Miami Immigration: What Does it Mean to be a “Permanent Resident”?

A permanent resident is an individual who has a green card. Permanent resident cards are commonly called “green cards” because they were initially green. Green cards became so valuable that counterfeiting became a significant problem, and the US government began issuing them in different colors (e.g., pink, white, beige) in order to combat the fraud. Green cards became green again in 2010.

One thing hasn’t changed since the 1950s. Green cards are still in very high demand. There are several ways of getting a green card, but most of them entail a wait, sometimes a significant wait. The most common means of obtaining green cards are through family or through a job. A close family member or employer may petition for someone to be granted permanent residence status. Other less-common ways of receiving a green card include the green card lottery and political asylum.

As a permanent resident, you are entitled to work and live in the US. You can own a US business or corporation. Going to school in the US is cheaper and easier for you if you’re green card holder; you are eligible to apply for financial aid and frequently eligible for in-state tuition. Without permanent residence, leaving the US and then returning can present problems, but with a green card it’s usually not difficult. A green card holder can also petition for family members to come to the US.

Permanent residency is different than citizenship. Green card holders can’t vote in US elections. It’s possible for a permanent resident to lose to his or her resident rights in situations where citizens would be protected. Though it’s usually easy to travel outside the US and then return with a green card, there are many exceptions. Remaining outside the US for too long sometimes makes it impossible return. Committing crimes can also result in loss of permanent resident status as well as deportation from the U.S.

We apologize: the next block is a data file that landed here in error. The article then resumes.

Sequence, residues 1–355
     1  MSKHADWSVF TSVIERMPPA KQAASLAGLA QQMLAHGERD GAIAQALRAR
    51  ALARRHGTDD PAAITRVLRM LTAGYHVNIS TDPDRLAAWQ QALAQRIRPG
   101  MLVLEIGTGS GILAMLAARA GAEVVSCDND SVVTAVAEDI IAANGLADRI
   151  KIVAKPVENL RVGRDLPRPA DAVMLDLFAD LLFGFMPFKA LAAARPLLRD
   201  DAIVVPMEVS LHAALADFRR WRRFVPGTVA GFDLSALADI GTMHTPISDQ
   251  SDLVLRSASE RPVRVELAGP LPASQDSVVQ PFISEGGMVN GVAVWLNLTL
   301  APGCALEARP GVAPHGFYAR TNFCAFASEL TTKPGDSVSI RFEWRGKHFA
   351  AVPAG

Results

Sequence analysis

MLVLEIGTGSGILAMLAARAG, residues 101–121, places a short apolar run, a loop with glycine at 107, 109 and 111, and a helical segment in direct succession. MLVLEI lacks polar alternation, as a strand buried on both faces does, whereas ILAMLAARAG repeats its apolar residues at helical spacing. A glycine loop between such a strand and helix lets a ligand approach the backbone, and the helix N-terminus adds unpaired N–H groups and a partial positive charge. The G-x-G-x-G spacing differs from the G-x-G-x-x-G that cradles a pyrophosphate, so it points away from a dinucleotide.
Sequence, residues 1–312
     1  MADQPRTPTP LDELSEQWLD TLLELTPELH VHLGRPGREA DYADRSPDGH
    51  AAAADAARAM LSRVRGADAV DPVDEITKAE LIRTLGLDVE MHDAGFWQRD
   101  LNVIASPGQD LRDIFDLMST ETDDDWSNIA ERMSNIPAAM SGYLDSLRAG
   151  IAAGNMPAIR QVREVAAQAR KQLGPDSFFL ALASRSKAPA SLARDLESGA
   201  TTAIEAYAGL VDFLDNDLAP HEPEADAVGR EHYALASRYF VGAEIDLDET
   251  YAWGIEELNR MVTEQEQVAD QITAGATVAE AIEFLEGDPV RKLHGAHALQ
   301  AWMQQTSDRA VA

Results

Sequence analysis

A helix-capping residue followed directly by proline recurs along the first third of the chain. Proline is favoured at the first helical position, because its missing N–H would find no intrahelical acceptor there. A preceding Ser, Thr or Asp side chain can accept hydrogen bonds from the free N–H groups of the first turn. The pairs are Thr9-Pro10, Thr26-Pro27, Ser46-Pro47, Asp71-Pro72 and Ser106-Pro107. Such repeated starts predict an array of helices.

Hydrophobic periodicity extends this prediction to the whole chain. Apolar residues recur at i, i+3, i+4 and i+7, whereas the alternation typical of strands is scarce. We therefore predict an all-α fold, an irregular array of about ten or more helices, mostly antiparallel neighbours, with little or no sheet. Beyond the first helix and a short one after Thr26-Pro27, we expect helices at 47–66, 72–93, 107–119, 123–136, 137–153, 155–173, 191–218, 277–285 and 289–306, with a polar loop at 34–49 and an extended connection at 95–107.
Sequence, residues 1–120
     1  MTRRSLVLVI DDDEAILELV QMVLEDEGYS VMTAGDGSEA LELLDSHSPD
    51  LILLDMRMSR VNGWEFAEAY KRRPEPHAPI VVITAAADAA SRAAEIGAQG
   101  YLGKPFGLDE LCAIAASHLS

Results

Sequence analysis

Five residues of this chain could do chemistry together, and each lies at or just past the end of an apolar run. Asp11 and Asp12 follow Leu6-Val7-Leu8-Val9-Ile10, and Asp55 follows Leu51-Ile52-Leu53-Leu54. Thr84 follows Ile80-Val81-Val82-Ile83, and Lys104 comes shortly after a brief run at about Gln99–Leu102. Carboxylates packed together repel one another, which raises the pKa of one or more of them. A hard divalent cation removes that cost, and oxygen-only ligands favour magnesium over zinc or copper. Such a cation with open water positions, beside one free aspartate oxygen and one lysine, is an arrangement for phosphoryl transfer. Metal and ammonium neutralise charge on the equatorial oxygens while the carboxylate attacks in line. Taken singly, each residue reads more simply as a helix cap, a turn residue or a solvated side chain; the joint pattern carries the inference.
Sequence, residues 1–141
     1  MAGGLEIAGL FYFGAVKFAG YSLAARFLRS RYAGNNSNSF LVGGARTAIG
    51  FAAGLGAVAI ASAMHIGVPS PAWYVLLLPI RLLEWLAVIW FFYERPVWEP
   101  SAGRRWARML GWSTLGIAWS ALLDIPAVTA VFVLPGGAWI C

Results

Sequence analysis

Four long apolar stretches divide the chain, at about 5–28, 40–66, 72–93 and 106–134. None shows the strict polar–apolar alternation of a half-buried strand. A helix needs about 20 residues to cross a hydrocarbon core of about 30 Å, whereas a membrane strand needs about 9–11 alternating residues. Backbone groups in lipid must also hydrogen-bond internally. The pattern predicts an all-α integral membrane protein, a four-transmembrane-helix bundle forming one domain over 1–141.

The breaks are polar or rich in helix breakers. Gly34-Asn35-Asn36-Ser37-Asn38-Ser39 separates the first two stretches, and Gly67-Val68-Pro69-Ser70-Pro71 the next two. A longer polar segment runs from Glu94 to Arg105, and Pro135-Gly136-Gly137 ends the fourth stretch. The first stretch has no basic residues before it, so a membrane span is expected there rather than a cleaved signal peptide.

How does the permanent resident become a citizen? Usually, you’re eligible to apply for citizenship after you’ve been a green card holder for five years. If you are married to a US citizen, you can usually apply for citizenship after three years. Joining the military is the fastest route for a green card holder to become a citizen.

Questions or comments? Need assistance obtaining permanent residence status for yourself, a loved one, or an employee? Please contact us today!

Written by Saleh and Associates

Saleh and Associates

Anis N. Saleh is President and Managing Shareholder of the Miami firm of Saleh & Associates, P.A., where he practices in all areas of Immigration and Nationality Law, including extensive experience in employment-based & family-based cases, deportation & removal hearings, and federal litigation.